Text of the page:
An Innovate RAP is focused on developing and strengthening relationships with Aboriginal and Torres Strait Islander peoples, engaging staff and stakeholders in reconciliation, and developing and piloting innovative strategies to empower Aboriginal and Torres Strait Islander peoples.
“Our Reflect RAP was about learning. We acknowledged this was a space we didn’t know enough about, and we began to explore how we could have a meaningful impact for Aboriginal and Torres Strait Islander employees in our business and to improve economic outcomes in our communities,” Ms Wild explains.
“Our Innovate RAP challenges us around scale and significance of impact. This two-year Innovate RAP process will help us form a clear idea of the directions we should take to drive the greatest change – whether that is delivering own programs or contributing the efforts of other amazing organisations.”
Investa’s ambition is broad in scope. There are procurement projects in the pipeline to support Indigenous-owned businesses. Partnerships with foundations and universities aim to further First Nations’ education and employment opportunities through secondments and work experience.
One partnership with the NSW Indigenous Chamber of Commerce (NSWICC), for instance, aims to ignite the entrepreneurial spirit of Aboriginal people, accelerate Aboriginal business and employment growth and facilitate relationships and networks that enable sustained economic and social inclusion.
Collaborations and connections with tenants also celebrate significant events, while Acknowledgement of Country through digital signature and touchpoints drive home Investa’s commitment to reconciliation. A strategy to integrate Indigenous culture and art into Investa's built assets is also laying a foundation for a reconciled future.
“We are working with likeminded building customers, many of whom have their own RAPs, to drive positive change. We aren’t just educating building customers. We are also learning from those more progressed on their journey,” Ms Hopgood-Bould says.
In this together with tenants and Traditional Owners
Insite, Investa’s occupant experience app, provides tenant customers with exclusive access to a range of services, events, news, competitions, offers and content – and is a valuable platform to share information about National Reconciliation Week, NAIDOC Week and other culturally significant events.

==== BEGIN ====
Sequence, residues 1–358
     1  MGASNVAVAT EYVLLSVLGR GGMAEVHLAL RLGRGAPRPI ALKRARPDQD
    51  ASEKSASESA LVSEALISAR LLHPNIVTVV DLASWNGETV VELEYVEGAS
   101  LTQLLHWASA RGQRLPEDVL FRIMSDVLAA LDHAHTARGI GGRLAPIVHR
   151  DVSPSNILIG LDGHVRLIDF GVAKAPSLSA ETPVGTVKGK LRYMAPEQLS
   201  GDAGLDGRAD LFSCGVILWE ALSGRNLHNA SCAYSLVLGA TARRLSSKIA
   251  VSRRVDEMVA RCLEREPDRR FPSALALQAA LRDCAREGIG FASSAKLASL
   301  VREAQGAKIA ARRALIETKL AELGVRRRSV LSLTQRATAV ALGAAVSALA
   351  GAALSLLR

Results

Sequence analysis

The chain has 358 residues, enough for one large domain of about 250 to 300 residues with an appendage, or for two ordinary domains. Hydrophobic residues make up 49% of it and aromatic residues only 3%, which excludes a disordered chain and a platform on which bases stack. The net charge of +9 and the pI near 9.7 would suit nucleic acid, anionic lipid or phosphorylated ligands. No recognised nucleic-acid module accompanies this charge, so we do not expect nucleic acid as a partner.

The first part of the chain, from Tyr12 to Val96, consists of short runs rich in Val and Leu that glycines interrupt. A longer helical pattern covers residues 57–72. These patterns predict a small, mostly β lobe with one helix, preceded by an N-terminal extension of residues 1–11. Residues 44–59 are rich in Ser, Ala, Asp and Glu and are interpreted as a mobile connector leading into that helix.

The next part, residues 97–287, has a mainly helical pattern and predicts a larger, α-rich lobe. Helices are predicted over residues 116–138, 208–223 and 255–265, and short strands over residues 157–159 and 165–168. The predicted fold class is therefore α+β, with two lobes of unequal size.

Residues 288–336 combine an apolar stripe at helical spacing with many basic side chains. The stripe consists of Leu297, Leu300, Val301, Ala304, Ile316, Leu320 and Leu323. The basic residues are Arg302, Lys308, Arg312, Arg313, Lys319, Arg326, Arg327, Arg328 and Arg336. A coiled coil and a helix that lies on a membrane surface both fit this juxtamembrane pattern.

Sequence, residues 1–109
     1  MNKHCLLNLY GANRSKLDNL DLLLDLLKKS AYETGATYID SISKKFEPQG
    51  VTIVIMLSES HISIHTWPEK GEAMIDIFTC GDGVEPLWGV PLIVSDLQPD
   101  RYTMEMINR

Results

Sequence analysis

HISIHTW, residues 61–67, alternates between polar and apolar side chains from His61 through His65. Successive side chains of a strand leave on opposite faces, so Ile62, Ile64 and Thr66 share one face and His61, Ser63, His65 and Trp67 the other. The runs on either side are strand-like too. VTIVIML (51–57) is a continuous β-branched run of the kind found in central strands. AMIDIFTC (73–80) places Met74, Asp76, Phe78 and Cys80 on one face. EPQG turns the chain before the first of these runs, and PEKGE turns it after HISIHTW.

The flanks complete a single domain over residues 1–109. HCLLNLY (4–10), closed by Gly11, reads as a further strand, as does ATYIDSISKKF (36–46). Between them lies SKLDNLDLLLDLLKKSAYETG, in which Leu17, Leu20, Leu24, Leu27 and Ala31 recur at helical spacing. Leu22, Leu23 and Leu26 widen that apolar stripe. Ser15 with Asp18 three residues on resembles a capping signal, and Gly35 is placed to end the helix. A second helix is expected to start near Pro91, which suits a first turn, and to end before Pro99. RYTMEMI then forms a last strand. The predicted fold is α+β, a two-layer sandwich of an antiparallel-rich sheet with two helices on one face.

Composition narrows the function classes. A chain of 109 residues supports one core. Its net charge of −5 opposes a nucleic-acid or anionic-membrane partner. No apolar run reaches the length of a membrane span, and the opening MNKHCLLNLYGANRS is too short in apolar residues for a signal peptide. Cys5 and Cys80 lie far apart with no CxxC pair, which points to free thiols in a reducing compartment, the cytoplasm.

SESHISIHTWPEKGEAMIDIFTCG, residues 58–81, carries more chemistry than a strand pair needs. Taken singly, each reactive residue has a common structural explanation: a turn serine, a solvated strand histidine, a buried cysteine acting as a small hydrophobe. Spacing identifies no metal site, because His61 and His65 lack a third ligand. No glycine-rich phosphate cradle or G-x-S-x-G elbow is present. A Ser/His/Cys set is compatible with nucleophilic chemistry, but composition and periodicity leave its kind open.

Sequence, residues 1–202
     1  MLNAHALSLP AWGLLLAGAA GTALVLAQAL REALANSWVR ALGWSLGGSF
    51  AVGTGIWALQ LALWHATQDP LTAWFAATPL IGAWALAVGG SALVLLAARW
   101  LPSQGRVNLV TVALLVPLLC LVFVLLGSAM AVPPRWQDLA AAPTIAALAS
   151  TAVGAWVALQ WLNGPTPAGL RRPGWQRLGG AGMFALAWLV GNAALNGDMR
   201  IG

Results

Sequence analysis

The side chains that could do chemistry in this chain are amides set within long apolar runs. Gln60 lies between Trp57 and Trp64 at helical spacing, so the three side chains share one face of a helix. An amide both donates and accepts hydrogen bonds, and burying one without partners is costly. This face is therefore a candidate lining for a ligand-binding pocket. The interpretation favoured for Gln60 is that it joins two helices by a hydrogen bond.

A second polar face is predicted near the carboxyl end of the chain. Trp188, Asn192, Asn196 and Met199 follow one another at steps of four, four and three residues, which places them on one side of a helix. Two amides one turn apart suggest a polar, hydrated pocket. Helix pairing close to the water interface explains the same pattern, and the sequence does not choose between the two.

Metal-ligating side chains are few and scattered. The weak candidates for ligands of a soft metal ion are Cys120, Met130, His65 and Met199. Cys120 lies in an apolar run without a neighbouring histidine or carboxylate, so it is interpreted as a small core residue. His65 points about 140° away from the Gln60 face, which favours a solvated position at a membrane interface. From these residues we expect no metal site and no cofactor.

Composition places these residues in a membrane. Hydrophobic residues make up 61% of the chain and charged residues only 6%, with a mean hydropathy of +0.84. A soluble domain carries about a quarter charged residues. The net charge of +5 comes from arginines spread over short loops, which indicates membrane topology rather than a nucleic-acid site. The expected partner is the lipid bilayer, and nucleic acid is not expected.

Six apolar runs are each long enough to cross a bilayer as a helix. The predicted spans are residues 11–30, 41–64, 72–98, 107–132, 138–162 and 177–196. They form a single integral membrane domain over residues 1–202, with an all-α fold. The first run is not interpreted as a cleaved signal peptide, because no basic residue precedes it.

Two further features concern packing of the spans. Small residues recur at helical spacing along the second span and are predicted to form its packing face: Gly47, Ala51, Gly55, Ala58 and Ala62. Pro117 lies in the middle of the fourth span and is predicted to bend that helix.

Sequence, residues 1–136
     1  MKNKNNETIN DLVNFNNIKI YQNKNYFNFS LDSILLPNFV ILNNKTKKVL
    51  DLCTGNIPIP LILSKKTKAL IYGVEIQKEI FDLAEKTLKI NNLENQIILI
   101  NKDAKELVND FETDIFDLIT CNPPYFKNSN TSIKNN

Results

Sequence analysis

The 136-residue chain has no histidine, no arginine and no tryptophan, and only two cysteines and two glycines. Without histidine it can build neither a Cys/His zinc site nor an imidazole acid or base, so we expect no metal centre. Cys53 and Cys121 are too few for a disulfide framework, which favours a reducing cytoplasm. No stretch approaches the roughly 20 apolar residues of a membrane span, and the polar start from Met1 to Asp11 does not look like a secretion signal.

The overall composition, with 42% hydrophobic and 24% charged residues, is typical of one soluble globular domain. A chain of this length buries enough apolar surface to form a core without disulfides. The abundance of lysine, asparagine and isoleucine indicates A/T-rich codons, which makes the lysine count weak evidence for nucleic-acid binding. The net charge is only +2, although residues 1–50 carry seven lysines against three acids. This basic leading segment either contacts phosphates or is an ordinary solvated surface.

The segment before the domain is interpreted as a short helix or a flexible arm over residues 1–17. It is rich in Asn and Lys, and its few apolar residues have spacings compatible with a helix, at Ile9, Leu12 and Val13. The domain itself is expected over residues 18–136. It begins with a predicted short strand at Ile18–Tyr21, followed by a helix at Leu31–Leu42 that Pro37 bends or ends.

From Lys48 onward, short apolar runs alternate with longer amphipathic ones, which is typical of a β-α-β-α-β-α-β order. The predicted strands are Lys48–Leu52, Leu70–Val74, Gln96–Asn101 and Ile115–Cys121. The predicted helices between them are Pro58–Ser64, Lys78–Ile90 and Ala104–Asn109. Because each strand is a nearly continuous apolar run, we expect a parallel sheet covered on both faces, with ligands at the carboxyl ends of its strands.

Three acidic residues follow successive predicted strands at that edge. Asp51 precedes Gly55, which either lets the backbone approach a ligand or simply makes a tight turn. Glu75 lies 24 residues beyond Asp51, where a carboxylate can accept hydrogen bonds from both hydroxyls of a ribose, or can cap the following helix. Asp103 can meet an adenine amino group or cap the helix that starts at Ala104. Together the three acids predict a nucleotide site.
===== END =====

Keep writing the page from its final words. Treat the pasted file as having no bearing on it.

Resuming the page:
For NAIDOC Week in 2022, for example, Investa and interior design and fitout specialist Sheldon partnered to present a series of activations in the foyer of 40 Mount Street, on Cammeraygal Country in North Sydney. This included a traditional smoking ceremony, cultural performances from the Jannawi dancers, an art exhibition and incredible Indigenous food.
“The relationships formed and strengthened at events like these underpin our commitment to reconciliation, and also create a rich and authentic experience for the people who work in our buildings,” Melanie says.
Other activations have included presentations by First Nations ambassadors, competitions to win hampers of Indigenous food and live cooking experiences.
Ms Hopgood-Bould says the learnings from these activations have been embedded into the Innovate RAP process. “We still have so much to learn but can also see the potential we have to make a positive impact.”
The theme of National Reconciliation Week is “be a voice for generations”. To echo this theme, Investa is educating its employees on the Voice to Parliament referendum. As Amy Wild notes: “Investa, as a company, doesn’t vote in the referendum. What we can do is give our staff the tools to make an informed decision about the Voice.”
“Events like National Reconciliation Week and NAIDOC Week are opportunities to build relationships between Indigenous and non-Indigenous people, and between Investa and its customers.”
Melanie Hopgood-Bould, Head of Customer Experience, Investa
Authentic leadership accelerates impact
Investa has a big, bold agenda. But as Ms Wild says: “We also have a large working group of passionate advocates that have volunteered their time and talents.” With representation from every part of Investa’s business, “from all walks of life and levels of seniority", Investa has genuine support for reconciliation.
“There is a shared desire to work together to arrive at a different place. We know we are still at the early stages of a very long journey. No one can walk this alone. We want to work collaboratively with Aboriginal and Torres Strait Islander communities and businesses, with our tenant customers and with our industry.”
While reconciliation is a long road, Australia’s property industry has made great strides forward to address other challenges, Ms Wild notes. Australia’s real estate companies have been ranked the world’s most sustainable for 12 consecutive years, according to the world’s most respected ESG benchmark, GRESB. Similarly, the Champions of Change Property, a group of 26 of Australia’s leading property companies which includes Investa, has achieved gender balance in women’s representation, recruitment and promotions in just a few short years.
“Australia’s property industry knows how to drive large-scale transformation. Reconciliation is not a competitive space. We don’t see this as a box-ticking exercise or a race to the finish line. It’s an opportunity for everyone to work together – because that’s the only way we will get the change we want to see.”